Downward Nominal Wage Rigidity: Evidence from the Employment Cost Index

Posted: 2 Jul 2021

See all articles by David E. Lebow

David E. Lebow

Board of Governors of the Federal Reserve System

Raven E. Saks

U.S. Federal Reserve - Division of Research and Statistics

Beth Anne Wilson

Board of Governors of the Federal Reserve System

Multiple version iconThere are 2 versions of this paper

Date Written: 1999

Abstract

We examine the extent of downward nominal wage rigidity using the microdata underlying the BLS employment cost index--an extensive, establishment-based dataset with detailed information on wage and benefit costs. We find stronger evidence of downward nominal wage rigidity than did previous studies using panel data on individuals. Firms appear able to circumvent part, but not all, of this rigidity by varying benefits: Total compensation displays modestly less rigidity than do wages alone. Given our estimated amount of rigidity, a simple model predicts that the disinflation over the 1980s would have raised equilibrium unemployment notably. This prediction stands in contrast to the actual behavior of unemployment over this period: The addition of a term capturing the cost of rigidity (that rises as inflation falls) has no additional explanatory power in a standard Phillips Curve equation.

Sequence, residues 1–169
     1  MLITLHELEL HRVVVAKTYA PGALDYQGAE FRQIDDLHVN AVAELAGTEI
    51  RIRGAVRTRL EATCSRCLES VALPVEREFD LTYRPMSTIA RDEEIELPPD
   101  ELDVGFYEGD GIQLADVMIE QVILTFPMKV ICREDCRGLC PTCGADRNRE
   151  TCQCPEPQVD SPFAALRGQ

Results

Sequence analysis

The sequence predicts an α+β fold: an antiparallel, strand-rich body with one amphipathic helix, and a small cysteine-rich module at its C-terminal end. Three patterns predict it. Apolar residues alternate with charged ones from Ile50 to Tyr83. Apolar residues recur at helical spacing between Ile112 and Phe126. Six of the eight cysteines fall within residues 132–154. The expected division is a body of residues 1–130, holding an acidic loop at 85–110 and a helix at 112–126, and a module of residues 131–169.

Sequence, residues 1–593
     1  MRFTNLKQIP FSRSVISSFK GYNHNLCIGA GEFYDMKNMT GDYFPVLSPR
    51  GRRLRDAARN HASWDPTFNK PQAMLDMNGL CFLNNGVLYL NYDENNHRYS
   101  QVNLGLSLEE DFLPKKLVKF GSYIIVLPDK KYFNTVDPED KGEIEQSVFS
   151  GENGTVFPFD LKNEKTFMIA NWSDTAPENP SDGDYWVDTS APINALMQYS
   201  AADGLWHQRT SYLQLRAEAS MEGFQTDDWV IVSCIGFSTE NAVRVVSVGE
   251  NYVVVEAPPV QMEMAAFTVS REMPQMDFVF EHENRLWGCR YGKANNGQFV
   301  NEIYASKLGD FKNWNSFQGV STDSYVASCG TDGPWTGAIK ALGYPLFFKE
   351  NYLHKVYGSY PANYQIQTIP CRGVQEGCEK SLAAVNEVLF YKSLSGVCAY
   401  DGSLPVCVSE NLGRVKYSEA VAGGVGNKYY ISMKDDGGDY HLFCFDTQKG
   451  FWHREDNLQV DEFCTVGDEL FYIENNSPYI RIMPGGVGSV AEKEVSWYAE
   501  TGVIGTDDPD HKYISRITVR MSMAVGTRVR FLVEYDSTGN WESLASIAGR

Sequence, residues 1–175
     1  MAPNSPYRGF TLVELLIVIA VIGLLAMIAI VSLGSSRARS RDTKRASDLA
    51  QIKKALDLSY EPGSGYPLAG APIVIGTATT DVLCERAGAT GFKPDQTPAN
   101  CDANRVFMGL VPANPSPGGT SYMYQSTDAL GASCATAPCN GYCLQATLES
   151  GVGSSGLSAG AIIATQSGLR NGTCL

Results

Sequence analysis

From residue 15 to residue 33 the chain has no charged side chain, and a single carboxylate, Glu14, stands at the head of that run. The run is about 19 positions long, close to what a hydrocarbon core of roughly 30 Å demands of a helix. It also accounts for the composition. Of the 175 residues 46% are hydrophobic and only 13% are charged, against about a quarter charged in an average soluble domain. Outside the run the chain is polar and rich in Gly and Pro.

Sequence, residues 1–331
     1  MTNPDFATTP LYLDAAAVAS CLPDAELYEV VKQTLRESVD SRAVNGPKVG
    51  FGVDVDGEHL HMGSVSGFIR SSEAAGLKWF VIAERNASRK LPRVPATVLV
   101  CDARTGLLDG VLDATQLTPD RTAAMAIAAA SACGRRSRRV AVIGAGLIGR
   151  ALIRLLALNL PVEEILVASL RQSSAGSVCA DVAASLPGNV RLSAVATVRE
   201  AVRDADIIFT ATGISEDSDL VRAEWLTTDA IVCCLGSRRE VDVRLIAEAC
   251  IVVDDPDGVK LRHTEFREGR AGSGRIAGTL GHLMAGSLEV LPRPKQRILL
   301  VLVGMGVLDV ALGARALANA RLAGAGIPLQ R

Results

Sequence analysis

Suggested Citation

Lebow, David E. and Saks, Raven E. and Wilson, Beth Anne, Downward Nominal Wage Rigidity: Evidence from the Employment Cost Index (1999). FEDS Working Paper No. 1999-31, Available at SSRN: https://ssrn.com/abstract=3877784

David E. Lebow (Contact Author)

Board of Governors of the Federal Reserve System ( email )

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Raven E. Saks

U.S. Federal Reserve - Division of Research and Statistics ( email )

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Beth Anne Wilson

Board of Governors of the Federal Reserve System ( email )

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Washington, DC 20551
United States

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